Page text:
Recreating Outsiders: A Response to LGBT-Identity Politics

Recreating Outsiders

A Response to LGBT-Identity Politics

 

In the last weeks CTDC has noticed two major news topics, which have gathered considerable attention centred around Islam and LGBT ‘subjects’: the first, resistance by Muslim parents to ‘No outsiders’ LGBT state education in the UK school system; and the second, recent anti-LGBT state legislation in Brunei. Both topics featured widely in UK media citing Islam as the core ‘problem’ in discrimination against LGBT ‘subjects’: framing LGBT as victims and Muslims as perpetrators. The simplistic narrative consisting of only two ‘identities’ scapegoats a faith to whitewash structures of oppression. The uncritical engagement with both stories across social media platforms further evidences the levels of anti-Muslim sentiment in the UK. Oppression does not take place in a void, rather even seemingly local oppression falls within global structures of oppression. Therefore, these are not the only news topics which have perpetuated anti-Muslim sentiments, nor will they be the last, but addressing violence in the UK and globally against any marginalised group is necessary in dismantling oppression for all marginalised people whether on the grounds of race, religion, class, gender, sexuality, nationality or dis/ability.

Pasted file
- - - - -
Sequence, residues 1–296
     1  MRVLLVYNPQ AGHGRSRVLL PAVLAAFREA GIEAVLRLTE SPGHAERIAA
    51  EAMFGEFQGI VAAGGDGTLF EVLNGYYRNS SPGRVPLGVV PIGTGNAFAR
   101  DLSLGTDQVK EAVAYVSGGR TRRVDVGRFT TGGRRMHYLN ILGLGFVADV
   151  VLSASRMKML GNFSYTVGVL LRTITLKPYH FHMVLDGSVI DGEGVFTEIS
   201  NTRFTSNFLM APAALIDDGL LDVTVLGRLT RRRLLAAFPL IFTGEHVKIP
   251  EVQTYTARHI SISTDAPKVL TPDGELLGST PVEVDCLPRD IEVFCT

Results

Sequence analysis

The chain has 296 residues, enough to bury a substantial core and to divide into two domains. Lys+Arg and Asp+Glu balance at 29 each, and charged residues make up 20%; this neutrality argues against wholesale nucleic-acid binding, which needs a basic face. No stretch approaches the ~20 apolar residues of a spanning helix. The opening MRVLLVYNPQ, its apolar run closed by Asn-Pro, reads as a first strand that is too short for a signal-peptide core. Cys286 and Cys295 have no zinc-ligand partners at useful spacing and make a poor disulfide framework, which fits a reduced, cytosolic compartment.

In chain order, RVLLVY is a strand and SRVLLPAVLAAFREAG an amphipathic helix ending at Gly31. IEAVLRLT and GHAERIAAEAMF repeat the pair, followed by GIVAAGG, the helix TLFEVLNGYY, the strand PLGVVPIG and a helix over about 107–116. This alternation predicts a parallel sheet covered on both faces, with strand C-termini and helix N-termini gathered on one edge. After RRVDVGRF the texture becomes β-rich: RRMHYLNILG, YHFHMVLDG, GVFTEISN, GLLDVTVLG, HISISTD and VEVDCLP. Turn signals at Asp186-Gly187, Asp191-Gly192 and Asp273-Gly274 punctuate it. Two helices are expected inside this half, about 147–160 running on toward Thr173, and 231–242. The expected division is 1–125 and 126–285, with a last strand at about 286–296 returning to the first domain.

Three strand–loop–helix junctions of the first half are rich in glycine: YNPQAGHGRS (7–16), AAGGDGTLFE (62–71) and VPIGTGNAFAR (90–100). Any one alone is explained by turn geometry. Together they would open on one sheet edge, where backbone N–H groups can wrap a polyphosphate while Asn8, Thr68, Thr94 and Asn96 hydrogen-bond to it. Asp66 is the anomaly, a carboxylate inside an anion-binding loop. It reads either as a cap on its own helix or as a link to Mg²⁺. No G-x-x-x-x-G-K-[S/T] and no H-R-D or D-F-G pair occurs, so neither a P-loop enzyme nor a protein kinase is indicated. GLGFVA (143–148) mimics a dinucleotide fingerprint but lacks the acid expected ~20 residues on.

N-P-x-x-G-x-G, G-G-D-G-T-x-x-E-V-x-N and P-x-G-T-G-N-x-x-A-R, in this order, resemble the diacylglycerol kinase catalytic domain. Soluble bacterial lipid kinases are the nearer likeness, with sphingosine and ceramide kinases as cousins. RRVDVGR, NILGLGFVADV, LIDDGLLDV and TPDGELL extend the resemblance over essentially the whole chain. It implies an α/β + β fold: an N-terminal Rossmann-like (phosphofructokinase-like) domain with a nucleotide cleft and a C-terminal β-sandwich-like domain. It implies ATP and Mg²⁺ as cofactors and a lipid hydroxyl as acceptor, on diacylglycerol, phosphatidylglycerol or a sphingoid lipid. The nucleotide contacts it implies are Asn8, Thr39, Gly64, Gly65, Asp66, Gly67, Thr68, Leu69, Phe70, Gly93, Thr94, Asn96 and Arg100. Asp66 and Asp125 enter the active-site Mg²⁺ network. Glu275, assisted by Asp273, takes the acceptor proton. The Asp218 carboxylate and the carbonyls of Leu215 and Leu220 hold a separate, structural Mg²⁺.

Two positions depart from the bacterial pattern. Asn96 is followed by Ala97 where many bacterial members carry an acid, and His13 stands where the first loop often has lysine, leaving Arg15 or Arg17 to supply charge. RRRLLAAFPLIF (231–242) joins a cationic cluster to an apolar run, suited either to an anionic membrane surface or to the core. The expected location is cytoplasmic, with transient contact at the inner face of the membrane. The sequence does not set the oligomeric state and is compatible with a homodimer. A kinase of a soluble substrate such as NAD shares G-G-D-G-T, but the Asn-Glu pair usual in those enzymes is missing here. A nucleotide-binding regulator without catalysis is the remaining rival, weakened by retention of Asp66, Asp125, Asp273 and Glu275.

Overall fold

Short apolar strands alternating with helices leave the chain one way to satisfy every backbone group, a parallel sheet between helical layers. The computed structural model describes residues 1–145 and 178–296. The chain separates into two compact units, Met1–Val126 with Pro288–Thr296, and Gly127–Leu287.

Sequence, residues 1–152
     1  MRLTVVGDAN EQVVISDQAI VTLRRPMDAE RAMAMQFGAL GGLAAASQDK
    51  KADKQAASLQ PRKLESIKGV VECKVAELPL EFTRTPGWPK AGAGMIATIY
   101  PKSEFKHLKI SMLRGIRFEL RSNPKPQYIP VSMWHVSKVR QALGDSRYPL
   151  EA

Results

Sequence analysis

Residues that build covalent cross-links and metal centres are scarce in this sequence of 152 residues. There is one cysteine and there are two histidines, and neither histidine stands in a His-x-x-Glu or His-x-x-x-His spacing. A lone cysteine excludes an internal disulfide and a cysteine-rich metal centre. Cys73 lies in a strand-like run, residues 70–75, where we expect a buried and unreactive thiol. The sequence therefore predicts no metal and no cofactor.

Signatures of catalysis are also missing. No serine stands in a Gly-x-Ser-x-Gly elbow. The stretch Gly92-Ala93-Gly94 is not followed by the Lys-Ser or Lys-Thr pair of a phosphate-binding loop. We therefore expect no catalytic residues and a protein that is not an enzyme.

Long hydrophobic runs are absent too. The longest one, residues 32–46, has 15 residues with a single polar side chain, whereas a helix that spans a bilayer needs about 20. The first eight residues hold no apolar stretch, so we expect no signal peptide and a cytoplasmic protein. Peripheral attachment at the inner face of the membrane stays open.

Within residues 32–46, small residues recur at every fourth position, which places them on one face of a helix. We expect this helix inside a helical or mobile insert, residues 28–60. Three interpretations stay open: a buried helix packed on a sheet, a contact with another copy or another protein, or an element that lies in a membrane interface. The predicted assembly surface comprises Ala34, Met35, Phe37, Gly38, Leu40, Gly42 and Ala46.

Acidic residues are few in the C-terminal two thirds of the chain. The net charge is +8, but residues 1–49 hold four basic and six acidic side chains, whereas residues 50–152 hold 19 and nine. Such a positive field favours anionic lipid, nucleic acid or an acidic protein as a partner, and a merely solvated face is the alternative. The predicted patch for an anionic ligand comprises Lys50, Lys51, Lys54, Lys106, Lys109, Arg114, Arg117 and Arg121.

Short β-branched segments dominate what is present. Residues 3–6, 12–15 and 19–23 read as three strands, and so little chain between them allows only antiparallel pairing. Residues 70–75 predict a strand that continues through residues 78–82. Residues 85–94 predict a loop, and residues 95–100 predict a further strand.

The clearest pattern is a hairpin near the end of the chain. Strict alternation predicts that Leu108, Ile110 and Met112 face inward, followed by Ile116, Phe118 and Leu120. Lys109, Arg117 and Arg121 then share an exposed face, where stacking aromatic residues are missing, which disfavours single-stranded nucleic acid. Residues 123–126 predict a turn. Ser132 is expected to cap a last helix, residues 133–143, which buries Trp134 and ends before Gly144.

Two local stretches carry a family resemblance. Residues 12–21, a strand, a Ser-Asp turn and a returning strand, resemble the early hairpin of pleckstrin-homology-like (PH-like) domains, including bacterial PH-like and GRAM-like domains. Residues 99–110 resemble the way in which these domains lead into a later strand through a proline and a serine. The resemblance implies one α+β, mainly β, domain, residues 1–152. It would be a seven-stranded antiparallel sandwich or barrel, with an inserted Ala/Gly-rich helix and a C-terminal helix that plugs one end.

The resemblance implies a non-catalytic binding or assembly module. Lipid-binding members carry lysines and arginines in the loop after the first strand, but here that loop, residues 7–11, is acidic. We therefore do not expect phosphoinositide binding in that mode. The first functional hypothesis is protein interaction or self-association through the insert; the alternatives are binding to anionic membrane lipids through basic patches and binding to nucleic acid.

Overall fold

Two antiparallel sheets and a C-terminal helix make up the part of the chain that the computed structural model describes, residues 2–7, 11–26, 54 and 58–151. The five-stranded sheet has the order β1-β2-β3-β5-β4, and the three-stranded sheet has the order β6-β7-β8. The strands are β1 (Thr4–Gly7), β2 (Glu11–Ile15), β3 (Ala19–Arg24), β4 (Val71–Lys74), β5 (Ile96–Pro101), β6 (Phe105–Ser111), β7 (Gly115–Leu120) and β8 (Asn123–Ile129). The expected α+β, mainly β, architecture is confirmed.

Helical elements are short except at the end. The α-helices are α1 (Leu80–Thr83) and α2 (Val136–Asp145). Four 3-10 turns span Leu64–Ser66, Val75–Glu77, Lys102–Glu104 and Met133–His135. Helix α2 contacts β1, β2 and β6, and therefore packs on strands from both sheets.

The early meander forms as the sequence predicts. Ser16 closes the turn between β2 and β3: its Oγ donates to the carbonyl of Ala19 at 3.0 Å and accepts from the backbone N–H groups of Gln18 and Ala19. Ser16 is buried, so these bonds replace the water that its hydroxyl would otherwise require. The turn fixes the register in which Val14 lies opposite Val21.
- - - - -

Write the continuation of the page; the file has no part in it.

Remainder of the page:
Earlier this month, Brunei made global headlines after passing new legislation, which punishes same-sex practices with stoning to death. Western activists, politicians, celebrities and journalists alike have emphasised the ‘Sharia’ (Islamic) nature of the law emphasising a red line crossed and encouraging boycotts of the Sultan’s hotels across the world. It is necessary, however, to examine the roots of legislation against same-sex practice: colonialism. Britain introduced Section 377[1], the first sodomy law, across the Empire in order to ‘civilise’ and control the behaviours of its colonial subjects. This colonial legislation defined and controlled understandings of decency, body, rape and sodomy, a legacy which is often ‘forgotten’ but legacy reverberates today across the Global South. Underlining the discussions around the case of Brunei and other former colonies with Muslim majorities is a silence around the colonial legacy of sodomy laws, the emphasis is instead placed solely on Islam.